Nevertheless, while Nietzsche would approve of their flexibility, he would the requirement to wear the masks. In his view, the kids require to embrace their true selves to be totally free rather than concealing behind the masks. Nietzsche thinks that the boys must be yes-saying since they must be strong sufficient act freely according to their own impulses, without regret or pity. Golding thinks that the use of the masks permits them to hide their embarassment and likewise allows them to become savages. Golding believes that the young boys hesitate of revealing their embarassment so they quelch it by using the masks to avoid the ostracism from society.

The masks offer the boys freedom, however Golding believes this threatens because excessive freedom gives way to instincts which ultimately lead to savagery. While wearing the masks the kids are “… very little better than uncaged beasts …” (Gen. 22. 13). Golding describes Jack, “… His sinewy body held up a mask that drew their eyes … He started to dance and his laughter became blood thirsty snarling” (G 64). Golding attempts to show how the masks affect the young boys as they lose touch with themselves. Golding would argue that the young boys abandon the requirement to follow the guidelines when they use the masks.

Without the masks the young boys compulsively feel the requirement to follow rules. The hierarchy of society keeps guy accountable for his actions, as Jack let the fire run out Ralph madly says to him, “There was a ship … you might have had everyone when the shelters were ended up. But you had to hunt … there was the dazzling world of searching, techniques, intense excitement, skill; and there was the world of longing and baffled commonsense … Jack was helpless and raged without understanding why” (G 71-72). Ralph’s management over Jack and the others is evident here as madly resets order, and the others rapidly accept.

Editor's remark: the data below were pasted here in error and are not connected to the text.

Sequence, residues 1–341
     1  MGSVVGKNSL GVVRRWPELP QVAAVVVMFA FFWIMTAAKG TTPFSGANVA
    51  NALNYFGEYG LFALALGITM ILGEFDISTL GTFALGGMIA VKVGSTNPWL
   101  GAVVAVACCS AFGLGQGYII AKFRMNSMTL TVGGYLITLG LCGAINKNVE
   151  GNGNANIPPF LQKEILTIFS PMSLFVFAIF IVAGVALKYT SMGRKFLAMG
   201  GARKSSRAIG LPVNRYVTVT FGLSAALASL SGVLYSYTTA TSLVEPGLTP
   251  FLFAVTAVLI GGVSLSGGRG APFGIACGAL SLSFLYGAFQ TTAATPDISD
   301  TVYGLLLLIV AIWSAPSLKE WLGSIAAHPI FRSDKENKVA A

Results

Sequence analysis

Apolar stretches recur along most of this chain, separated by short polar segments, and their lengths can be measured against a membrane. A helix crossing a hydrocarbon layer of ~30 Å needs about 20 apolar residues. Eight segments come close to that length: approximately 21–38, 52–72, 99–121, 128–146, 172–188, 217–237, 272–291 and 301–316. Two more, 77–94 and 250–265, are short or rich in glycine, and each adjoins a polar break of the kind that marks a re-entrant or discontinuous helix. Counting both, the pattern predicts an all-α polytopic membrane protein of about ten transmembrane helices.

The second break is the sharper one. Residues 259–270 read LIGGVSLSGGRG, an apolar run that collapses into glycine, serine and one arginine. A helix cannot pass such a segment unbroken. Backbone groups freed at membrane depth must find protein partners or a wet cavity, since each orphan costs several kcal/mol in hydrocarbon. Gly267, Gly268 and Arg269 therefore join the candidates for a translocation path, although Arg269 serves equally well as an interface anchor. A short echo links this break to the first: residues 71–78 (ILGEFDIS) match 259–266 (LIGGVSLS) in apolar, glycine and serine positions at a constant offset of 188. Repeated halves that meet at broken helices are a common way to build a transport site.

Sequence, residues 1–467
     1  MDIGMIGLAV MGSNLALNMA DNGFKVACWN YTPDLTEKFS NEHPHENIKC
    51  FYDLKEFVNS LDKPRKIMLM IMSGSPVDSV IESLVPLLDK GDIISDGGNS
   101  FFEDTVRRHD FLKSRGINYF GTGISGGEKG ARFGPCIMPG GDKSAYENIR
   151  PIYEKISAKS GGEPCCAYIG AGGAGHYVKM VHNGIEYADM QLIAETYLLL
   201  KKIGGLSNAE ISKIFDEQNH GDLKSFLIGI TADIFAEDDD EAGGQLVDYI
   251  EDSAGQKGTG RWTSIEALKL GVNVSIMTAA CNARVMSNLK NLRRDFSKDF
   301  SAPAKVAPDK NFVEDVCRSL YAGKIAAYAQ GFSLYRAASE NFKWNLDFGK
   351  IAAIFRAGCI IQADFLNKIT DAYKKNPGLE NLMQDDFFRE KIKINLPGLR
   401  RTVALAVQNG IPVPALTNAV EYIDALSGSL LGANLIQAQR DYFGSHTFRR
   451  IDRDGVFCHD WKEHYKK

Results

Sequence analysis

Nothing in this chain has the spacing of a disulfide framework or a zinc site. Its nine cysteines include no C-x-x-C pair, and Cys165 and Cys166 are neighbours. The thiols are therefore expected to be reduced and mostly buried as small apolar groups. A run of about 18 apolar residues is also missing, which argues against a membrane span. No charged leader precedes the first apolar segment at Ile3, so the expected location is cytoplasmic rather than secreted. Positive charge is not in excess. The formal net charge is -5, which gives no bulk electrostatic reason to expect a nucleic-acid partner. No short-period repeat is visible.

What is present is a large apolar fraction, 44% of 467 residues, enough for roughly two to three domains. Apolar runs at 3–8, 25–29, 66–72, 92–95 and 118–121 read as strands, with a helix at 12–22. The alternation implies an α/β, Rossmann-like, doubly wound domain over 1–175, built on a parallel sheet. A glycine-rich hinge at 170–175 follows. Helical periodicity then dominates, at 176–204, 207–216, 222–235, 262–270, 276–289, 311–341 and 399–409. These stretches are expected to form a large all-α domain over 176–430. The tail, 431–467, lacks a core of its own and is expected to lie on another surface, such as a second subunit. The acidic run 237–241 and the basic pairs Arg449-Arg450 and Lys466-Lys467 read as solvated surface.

Without their masks, Golding would argue that the kids’ flexibility is limited by society; something that he believes is just. The sow’s head, dubbed “lord of the flies”, represents the evil that the boys devote on the island. “The head hung there, a little blood dribbling down the stick … the Lord of the Flies hung on his stick and smiled” (G 138). Golding attempts to prove to the reader that evil exists in all of us. In the mind of Simon, the head comes alive and says to him, “I’m part of you … I’m the reason it’s no go … you understand perfectly well you’ll just satisfy me down there [too] (G 143).

This conference between the lord of the flies and Simon shows the reader the pig’s evilness as he admits “I belong to you” and it also underscores Golding’s point: he thinks that evil is inescapable; throughout the book, every character commits acts of evil. Simon is the one exception, whose calm nature can be referred to as un-human, or god-like, and more mature than the other young boys, his eyes “… Dim with the limitless cynicism of adult life” (G 137) proving his self-important adult-like superiority.